Houzz Logo Print

Frontline Phonics????

21 years ago

Have any of you heard of this program for toddlers? Teaching them to read at a young age? It costs $300 and I would love to you it but only if it works.


Comments (4)

  • aileen
    21 years ago

    I have never understood the reason behind wanting to teach a child to read early.

    If he/she enters school already knowing, what will he do while the rest of the children are learning? Will you expect the teacher to provide something extra just for your child so that he won't be bored?

    Suppose that the method taught in the school is different from the program you buy, Do you think that it might be possible to confuse the child and therefore slow down his progress?

    A child that learns to read before entering the school system will not be ahead of the rest of the age group by the time he reaches the upper grades. So save your money.

    Now, if the child begins to have trouble learning to read AFTER he enters school, an extra reading program is a worth while investment.

    Yes, it is possible to teach a very young child to read. Some may even teach themselves. But it is not necessary that they learn before other children their own age.

  • HelenofMich
    20 years ago

    I taught my granddaughter, at age 4, with a used book called 'Making Children Better'. What I did(and it worked well) is teach her the sounds of the letters preferably before (or with) the names of the letters like B is B and sounds 'Buh'. Of course start with the vowels and letters used frequently. Then I make a tic tac toe(3X3) on a large piece of cardboard(about 20"X20", even a 4x4 (squares)tic tac toe later, and placed words like cat, bat, hat,cap,as, I,etc (I added the word 'the' in one square and just told her it didn't fit the sounds and she would have to learn to recognize it. Then I put pennies on the ones she learned to sound correctly. I'd buy little candies or presents from the dollar store. When she would get 3 "bingos" or 3 tic tac toes, she would get a prize. Also, once she was learning them, I'd point to these words in books and newspapers and ask her what it said. I did this as frequently as she wanted to 'play'bingo(4-10X week) and she could sound very well and knew many words before kindergarden. By 1st grade, she sounded words as efficiently and quickly as an adult and could read a sentence with unknown words and hardly pause when she came to them and sounded them correctly or very near correct about 95% of the time.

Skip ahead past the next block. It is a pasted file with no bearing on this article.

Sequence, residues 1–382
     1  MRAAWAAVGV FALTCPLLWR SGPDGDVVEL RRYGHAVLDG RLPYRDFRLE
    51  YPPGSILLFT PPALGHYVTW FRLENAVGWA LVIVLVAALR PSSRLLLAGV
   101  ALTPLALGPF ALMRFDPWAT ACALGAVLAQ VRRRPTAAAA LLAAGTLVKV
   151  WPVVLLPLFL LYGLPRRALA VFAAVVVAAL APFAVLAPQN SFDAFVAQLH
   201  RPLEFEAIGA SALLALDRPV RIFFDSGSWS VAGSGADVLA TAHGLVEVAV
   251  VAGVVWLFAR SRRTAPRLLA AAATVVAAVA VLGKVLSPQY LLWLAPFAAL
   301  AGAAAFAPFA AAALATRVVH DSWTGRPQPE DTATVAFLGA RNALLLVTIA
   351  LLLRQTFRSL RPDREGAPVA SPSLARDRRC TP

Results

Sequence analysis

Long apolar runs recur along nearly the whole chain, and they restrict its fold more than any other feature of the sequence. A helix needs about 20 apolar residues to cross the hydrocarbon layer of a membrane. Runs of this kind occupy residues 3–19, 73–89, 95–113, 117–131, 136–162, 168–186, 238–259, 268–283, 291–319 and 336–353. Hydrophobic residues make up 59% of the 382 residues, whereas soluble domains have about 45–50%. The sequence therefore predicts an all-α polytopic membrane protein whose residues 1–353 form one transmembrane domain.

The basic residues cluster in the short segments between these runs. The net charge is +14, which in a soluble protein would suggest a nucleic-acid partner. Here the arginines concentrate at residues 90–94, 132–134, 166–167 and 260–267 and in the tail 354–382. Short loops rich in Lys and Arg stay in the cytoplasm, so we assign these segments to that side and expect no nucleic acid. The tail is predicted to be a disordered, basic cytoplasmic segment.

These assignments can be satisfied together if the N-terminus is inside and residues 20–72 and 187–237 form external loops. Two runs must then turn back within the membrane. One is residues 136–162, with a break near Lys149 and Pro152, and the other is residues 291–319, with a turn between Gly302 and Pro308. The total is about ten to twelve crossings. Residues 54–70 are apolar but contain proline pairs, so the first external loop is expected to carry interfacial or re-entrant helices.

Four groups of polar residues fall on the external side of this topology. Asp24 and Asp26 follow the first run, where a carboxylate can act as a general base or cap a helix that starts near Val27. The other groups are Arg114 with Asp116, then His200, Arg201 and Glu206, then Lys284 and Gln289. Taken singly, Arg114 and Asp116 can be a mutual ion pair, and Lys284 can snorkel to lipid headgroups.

• gslenn_comcast_net
    12 years ago

    I think the days of delegating all the teaching of our kids to the schools is over. If you are fortunate enough to have a superior school system with superior teachers who have time to spend lots of individual attention on your child you are most likely in the minority. Today, parents have to get involved and I think anything we can do to give our kids an edge and help them thrive in school can only benefit them. Having your children love to learn is one of the greatest gifts you can give them. Programs like Frontline, or any other for that matter, teach kids essential skills and gives them an extra boost of confidence when they go to school.

    Here is a link that might be useful: Teachng Reading Fundamentals

  • Christina
    2 years ago

    It's unfortunate that someone would think of wanting to teach a child to read as a negative thing. On the the gift of reading to a child is like giving them a gift for life! My daughter was 3 and half by the time we completed the program. She was absolutely thrilled that she could go to the library and READ the bindings of the books by herself! Wow! It empowered her! She devoured books. What's wrong with children excelling?! She was thoroughly enjoying herself and so I viewed it as a very positive thing! She is now 22 and working for a subsidiary of TDK, developing software for the military. She is a gifted violinist and is a charming young lady. I don't regret giving my daughter an edge on life. Once you can read, the world is your oyster.

2 Navy Lane, LLC
Average rating: 5 out of 5 stars12 Reviews
Loudoun County's Leading Interior Designer